EU agrees on AML rules for crypto transactions

Today at TechREG, European Union negotiators reached agreement on the scope of anti-money laundering (AML) rules for cryptocurrency transactions. While most transactions will need to be recorded and reported to authorities upon request, some small transactions between non-hosted wallets may be exempt. Meanwhile, the Consumer Financial Protection Bureau (CFPB) continues its crusade against “junk fees” and warns debt collectors about some of their practices. Additionally, the Supreme Court’s decision in Roe v. Wade could bring additional scrutiny to companies that collect payment data, as that data could be used as evidence in criminal cases.

EU agrees strong AML controls for crypto with exemption for non-hosted wallets

EU policymakers agreed on new AML rules for crypto transactions on Wednesday, June 29. For transactions between digital wallet providers, like crypto exchanges, parties will need to verify the identity of customers for even the smallest crypto transfer. However, lawmakers decided to leave most small payments or transfers to non-hosted private wallets out of AML checks, a departure from the original proposal. Yet payments to non-hosted wallets over 1,000 euros (approximately $1,050) will still need to be reported, in accordance with similar provisions for wire transfers at traditional banks.

CFPB notifies fee collectors

The CFPB issued an advisory notice on Wednesday warning debt collectors that many of the “pay-to-pay” fees they often charge violate federal law. These fees, commonly described by debt collectors as a “convenience fee”, are imposed on consumers who wish to make a payment in a particular way, such as online or over the phone.

Payment data caught in the crosshairs of abortion

With the annulment of Roe v. Wade and the illegality of abortion in multiple states, payment data are now in the crosshairs if prosecutors decide to subpoena those records for evidence. Financial companies collect a lot of payment data from customers who digitally pay for most of their daily transactions, from food and fuel to clothing, healthcare and entertainment. Criminal investigators looking for evidence to prosecute abortion offenders can start with payment data, which may be easier to obtain than medical records.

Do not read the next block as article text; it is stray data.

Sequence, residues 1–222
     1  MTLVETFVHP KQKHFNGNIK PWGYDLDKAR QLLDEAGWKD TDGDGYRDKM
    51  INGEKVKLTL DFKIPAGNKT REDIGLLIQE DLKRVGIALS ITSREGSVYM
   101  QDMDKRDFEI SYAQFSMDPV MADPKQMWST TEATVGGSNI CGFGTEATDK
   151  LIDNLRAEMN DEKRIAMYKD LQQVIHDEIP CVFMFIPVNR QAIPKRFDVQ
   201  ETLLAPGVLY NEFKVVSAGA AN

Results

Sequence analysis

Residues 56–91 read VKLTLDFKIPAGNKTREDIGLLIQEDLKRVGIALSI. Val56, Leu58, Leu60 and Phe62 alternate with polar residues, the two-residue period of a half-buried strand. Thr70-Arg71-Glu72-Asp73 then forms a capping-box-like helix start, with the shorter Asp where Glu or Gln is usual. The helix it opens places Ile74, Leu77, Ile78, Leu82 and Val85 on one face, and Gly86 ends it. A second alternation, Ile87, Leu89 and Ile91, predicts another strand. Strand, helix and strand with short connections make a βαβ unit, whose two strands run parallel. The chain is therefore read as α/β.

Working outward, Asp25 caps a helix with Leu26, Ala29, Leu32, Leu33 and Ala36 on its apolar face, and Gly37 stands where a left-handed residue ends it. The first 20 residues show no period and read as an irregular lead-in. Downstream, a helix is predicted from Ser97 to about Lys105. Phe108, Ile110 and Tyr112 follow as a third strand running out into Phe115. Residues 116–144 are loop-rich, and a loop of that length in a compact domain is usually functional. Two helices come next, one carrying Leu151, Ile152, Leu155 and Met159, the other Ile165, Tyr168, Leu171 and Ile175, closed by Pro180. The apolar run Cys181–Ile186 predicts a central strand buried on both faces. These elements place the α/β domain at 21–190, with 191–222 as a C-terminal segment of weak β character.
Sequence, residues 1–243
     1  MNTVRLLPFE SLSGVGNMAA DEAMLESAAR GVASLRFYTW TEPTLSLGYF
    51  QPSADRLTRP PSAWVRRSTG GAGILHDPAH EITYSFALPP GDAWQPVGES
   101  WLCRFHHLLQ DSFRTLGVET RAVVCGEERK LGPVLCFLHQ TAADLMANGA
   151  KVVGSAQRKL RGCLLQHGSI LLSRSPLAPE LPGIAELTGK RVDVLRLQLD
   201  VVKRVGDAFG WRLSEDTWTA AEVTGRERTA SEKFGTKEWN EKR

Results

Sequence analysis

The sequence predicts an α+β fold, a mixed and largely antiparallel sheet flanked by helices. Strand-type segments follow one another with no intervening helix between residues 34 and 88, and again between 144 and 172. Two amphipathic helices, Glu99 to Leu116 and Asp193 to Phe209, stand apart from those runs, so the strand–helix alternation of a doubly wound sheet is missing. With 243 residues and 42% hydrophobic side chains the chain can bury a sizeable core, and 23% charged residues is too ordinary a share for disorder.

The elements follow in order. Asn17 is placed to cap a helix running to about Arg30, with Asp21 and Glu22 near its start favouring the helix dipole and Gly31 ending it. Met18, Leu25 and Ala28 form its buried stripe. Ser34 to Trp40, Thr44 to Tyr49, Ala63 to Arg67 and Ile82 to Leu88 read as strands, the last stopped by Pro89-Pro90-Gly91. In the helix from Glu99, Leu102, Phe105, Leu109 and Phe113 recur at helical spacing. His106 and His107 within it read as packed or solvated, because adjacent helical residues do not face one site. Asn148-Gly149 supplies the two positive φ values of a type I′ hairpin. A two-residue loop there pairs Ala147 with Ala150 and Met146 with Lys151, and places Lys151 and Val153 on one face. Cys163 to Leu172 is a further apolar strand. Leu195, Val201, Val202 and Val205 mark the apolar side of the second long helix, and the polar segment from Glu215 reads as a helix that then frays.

DOJ Accuses NFT Insider Trading of Showing New Digital Direction, Report Says

While the first Department of Justice (DOJ) indictment relates to an insider trading scheme for non-fungible tokens (NFTs), it remains to be seen how the DOJ will work with the wider NFT community. According to Wilson Elser attorneys John Cahill, Jana Farmer and William Behr, the case may provide insight into the classification of NFTs as securities. The DOJ will also seek to increase its enforcement efforts.

Apple allows third-party payments in South Korea in response to new law

Apple is now allowing third-party payments in South Korea in response to a new law requiring major app stores to allow alternative payment methods. While Apple will still earn a commission, it will be 26% instead of the 30% it earned through direct payments. In its developer documentation, Apple said all sales will need to be reported monthly and commissions paid accordingly.

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